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The Monday Roundup: $15,000 Oregon-made road bike, e-bike fires, climate policy and more

Posted by on August 5th, 2019 at 11:39 am

Welcome to the week. Here are the most noteworthy items we came across in the past seven days…

Federal transportation bill: Streetsblog USA has highlights of the $287 billion transportation bill making its way through the sausage-making process on Capitol Hill. The takeaway? It’s far from the reforms we need; but it could be worse.

Self-driving bicycle: Probably more of a proof-of-concept than a revolutionary step for cycling, this robot-bicycle can understand commands and roll by itself.

Oregon’s $15,000 road bike: Argonaut, a bike brand formerly based in Portland that has set up shop in Bend, got their carbon road bike featured in VeloNews.

E-bikes are so hot right now: Electric bike share provider Lyft was forced to pull its fleet from the streets of San Francisco after a few of them caught fire. The company, embroiled in a fight over exclusivity to provide the bikes in SF, now says the fires could have been work of vandals.

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E-scooting polluting: A study published last week found that e-scooters had a more negative environmental impact than you might expect, especially when you factor in the use of cars to rebalance them.

Bicycling and climate policy: As the U.S. devolves into partisan bickering over climate change and our DOTs claim that expanding freeways are good for the environment, the Dutch have put bicycling at the forefront of their aggressive climate policy.

More punishment needed: Drivers who do dangerous things should face stronger consequences says a NY Times columnist who opines that misplaced blame on bicycle riders that began in the 19th century still influences policy and public sentiment.

Uber extremism: A small suburban town in Ontario, Canada is discovering what happens when city planners replace public transit with Uber.

Serves him right: This driver admits his guilt in hitting a bicycle user and then can’t believe the insurance company blames him for it. Thankfully, the newspaper’s transportation columnist answered his letter correctly.

— Jonathan Maus: (503) 706-8804, @jonathan_maus on Twitter and jonathan@bikeportland.org

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21 Comments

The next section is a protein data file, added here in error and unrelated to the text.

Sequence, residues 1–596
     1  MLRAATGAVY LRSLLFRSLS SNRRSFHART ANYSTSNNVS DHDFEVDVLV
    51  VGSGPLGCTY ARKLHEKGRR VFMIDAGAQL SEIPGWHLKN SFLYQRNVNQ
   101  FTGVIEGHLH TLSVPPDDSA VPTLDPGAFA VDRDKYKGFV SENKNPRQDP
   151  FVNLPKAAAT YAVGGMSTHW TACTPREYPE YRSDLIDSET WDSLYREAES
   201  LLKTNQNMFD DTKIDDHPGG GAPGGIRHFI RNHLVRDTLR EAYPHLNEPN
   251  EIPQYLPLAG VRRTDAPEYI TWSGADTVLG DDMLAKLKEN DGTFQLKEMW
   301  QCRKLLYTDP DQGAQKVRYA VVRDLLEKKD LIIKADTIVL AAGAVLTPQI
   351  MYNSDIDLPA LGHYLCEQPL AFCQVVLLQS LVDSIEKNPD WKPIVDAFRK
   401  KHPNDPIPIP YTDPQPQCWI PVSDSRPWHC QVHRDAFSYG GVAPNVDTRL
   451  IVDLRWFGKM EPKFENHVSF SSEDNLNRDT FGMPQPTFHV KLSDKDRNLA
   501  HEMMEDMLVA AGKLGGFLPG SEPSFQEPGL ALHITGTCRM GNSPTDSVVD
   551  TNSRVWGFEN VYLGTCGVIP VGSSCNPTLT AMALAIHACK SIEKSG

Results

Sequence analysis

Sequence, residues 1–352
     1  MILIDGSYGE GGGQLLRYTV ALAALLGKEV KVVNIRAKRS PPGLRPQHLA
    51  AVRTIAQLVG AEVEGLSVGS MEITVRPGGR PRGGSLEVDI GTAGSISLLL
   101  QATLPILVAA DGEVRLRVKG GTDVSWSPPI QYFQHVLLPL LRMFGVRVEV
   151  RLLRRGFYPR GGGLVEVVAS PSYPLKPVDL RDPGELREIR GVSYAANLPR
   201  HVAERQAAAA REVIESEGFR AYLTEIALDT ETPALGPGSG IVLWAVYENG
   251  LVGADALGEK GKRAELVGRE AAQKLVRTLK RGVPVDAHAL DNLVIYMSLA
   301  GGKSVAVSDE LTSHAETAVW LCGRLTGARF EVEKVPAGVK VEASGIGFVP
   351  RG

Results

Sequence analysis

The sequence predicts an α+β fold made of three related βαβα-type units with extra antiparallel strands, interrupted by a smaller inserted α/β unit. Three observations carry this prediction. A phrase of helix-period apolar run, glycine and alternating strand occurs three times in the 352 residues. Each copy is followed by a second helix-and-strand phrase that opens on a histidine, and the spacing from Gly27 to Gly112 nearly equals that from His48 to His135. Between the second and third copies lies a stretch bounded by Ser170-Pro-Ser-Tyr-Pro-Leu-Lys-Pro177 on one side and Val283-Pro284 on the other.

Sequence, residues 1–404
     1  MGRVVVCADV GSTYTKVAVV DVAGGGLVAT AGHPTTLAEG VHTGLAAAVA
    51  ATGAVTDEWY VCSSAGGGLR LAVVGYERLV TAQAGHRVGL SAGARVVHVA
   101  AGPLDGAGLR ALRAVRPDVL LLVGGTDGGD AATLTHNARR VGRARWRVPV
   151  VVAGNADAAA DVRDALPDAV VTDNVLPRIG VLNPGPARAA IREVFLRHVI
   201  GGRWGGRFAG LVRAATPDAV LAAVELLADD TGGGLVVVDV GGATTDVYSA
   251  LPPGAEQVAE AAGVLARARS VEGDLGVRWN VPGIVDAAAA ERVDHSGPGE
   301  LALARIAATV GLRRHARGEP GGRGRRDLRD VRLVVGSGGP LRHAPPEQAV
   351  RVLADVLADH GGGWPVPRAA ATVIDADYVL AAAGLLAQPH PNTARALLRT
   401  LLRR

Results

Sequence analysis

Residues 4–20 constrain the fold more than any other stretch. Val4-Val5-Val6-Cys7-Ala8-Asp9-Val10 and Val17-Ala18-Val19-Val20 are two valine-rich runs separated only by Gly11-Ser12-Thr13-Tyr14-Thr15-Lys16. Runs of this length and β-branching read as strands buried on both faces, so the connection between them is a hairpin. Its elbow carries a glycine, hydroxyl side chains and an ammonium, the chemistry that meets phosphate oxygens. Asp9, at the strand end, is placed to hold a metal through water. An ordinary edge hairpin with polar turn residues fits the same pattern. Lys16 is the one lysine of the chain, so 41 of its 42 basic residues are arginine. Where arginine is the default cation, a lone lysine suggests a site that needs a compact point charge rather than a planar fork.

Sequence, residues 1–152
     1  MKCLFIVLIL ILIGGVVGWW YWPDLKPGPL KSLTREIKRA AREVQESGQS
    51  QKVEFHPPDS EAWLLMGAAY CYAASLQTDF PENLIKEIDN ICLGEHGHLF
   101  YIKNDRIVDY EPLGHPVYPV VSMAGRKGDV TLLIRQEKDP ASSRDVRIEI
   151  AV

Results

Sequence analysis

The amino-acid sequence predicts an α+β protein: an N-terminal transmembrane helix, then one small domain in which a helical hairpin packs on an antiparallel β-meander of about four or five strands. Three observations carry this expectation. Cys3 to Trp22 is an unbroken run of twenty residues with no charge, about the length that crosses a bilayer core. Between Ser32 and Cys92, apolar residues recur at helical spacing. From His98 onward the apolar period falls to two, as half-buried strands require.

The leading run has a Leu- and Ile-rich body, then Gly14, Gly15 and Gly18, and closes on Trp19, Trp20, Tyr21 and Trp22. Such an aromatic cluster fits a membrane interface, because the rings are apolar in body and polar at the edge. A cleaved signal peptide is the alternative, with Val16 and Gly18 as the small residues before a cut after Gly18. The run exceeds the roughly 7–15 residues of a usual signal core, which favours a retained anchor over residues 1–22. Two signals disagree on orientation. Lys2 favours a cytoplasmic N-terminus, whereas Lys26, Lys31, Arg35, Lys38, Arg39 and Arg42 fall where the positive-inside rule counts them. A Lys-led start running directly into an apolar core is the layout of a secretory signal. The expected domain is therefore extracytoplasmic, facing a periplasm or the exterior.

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    David Hampsten August 5, 2019 at 12:06 pm

    Serves Him Right: Love the sermon!

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    Dan A August 5, 2019 at 12:19 pm

    The Uber story says they replaced public transit with Uber, not the other way around.

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    David Hampsten August 5, 2019 at 12:35 pm

    The Innisfil experiment: the town that replaced public transit with Uber.
    One of the aspects of public transit in the USA versus Canada is that we in the US are required by ADA law to provide dial-a-ride service to all our disabled users within 0.75 miles on either side of any public transit fixed route service. This is as true here for GTA in Greensboro as it is for TriMet in Portland. While the costs of fixed-route service are easily measured (cost of drivers, buses, fuel, maintenance, etc), a set of costs that do not change much even when ridership levels change. However, the cost of dial-a-ride (aka lift or paratransit service) increases with higher use, longer distances, and trip-chaining versus point-to-point service. It doesn’t help that we charge the same per ride for paratransit as we do for fixed-route (we are allowed to charge double, which TriMet does). And our suburban sprawl is another issue. Our costs for fixed route are $4.18 per ride and we charge about $0.60 per ride (including for discounts), the rest being subsidized through property taxes and federal subsidies. Our costs per paratransit ride is $33.16 per ride, with the same $0.60 charge. So I can see the temptation to switch to Uber, Lyft, or even regular Yellow Cab for our required paratransit service – non-unionized workforce, cheaper gas, point-to-point service, vast reduction in costs, etc. The reason we haven’t done so is a mix of security (background checks for drivers), inertia, and a naive desire by government to know all full costs in advance.

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    Lowell August 5, 2019 at 12:44 pm

    That study on e-scooter lifetime emissions is illuminating. It shows that with current usage patterns (only ~35% of trips replace a car trip) and the incredibly wasteful daily collection/redistribution of these scooters, they end up only being roughly twice as efficient per mile as a car. Where as a bike is 52 times as efficient per mile.

    That said, there is certainly room to make scooters much more efficient than they currently are. The most dramatic way of doing so is by not allowing them to be dockless. If they had to be docked at charging stations, it would eliminate the source of ~50% of their lifetime emissions. Docking them would also almost certainly increase the average lifespan of a scooter, so you get more miles out of the environmental cost of manufacturing them.

    Granted, by docking them you are introducing inconvenience to the end user, which means that ridership will go down to some degree unless the docks are quite plentiful.